Name a woman who inspires you. What about this woman do you find to be inspiring? What does she inspire you to do?
Have you ever noticed the difference between "boy" and "girl" toys? In what ways do you think the differences you see could affect how you play, the way you think and the career you choose to pursue in the future?
According to the article, a 7-year-old named Charlotte wrote to LEGO in 2014 complaining that the company's female figurines were lame. In response, LEGO launched a limited-edition product featuring female scientists. Why do you think that set sold out so quickly? What do you think LEGO and other toy manufacturers should learn from this incident?
Do you think more girls would go into STEM careers if the toys they played with as children had more of a STEM focus? Why or why not?
- As a class, brainstorm a list of women who work in STEM-science, technology, engineering and math-fields. If you wish, have the class conduct research to identify more women to add to the list.
- Invite students to select one woman from the list. Encourage them to conduct research to learn all about the woman they picked and her career. As students search for information, instruct them to also find photos of the woman at work.
- Using the photos as inspiration, challenge students to design a LEGO figurine of the woman and her workplace.
- Have students write a letter to LEGO pitching their idea. Instruct students to explain why the woman is deserving of a LEGO figurine and how including her in a new LEGO set would be beneficial to students interested in STEM
CUSTOMIZE THE LESSON:
Invite students to explore this site developed by the Chandra X-ray Center to learn about women in STEM, both acknowledged and unknown, for their roles in the exploration of the world and universe around us. The site includes biographies, activities, free posters you can download and a list of other resources you can use to teach students more about women in STEM.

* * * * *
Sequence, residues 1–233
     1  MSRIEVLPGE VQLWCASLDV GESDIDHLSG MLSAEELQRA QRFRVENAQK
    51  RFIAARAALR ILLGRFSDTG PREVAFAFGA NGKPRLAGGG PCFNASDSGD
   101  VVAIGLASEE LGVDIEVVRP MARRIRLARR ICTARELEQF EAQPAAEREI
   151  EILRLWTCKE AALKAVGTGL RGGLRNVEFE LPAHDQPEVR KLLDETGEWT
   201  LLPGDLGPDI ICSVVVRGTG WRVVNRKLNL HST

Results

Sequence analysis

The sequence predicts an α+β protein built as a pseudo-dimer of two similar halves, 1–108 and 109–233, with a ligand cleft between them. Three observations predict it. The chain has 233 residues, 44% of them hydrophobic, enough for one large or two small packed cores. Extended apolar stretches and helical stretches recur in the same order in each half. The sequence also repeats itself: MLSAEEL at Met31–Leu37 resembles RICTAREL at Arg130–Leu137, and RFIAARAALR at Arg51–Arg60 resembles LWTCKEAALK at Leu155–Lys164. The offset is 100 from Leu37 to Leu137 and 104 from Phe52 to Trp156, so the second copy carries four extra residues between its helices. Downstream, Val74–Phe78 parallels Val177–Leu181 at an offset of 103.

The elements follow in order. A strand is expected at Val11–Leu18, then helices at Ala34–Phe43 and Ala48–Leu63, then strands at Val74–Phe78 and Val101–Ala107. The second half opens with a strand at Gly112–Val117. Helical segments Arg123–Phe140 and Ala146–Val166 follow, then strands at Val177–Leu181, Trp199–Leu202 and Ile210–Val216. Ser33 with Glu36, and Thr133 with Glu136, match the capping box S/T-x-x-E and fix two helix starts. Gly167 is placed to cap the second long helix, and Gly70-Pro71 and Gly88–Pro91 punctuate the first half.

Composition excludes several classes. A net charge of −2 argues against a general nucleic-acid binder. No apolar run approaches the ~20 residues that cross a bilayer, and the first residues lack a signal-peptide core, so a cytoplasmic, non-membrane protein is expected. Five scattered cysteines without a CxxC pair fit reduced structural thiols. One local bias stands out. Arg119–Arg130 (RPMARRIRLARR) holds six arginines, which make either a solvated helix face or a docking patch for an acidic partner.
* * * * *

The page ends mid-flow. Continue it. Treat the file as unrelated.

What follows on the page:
Use this Smithsonian Learning Lab collection to teach students about women in the aerospace industry, from the early pioneers to those helping pave the way to Mars. The collection, originally created as a “Stem in 30” activity at the National Air and Space Museum, includes lesson plans, teacher resources, videos, articles and photos.
From hunting meteorites in Antarctica to exploring the farthest reaches of the universe from remote mountaintops, Smithsonian women scientists are an adventurous group. Introduce students to some of these outstanding women with this site from the Harvard-Smithsonian Centre for Astrophysics.
This exhibit from the Smithsonian Institution Archives highlights the careers of five women pioneers in the field of science journalism. Encourage students to read about these women who, through their bylines, conveyed an important message: women could not only understand science but they could explain it well to others.
Review this special report from Smithsonian Magazine to learn about a variety of women who currently work in STEM-related fields.
The lack of women leaders in STEM creates “a catch-22 death spiral.” Read this Smithsonian article to learn how robotics teams are trying to change that.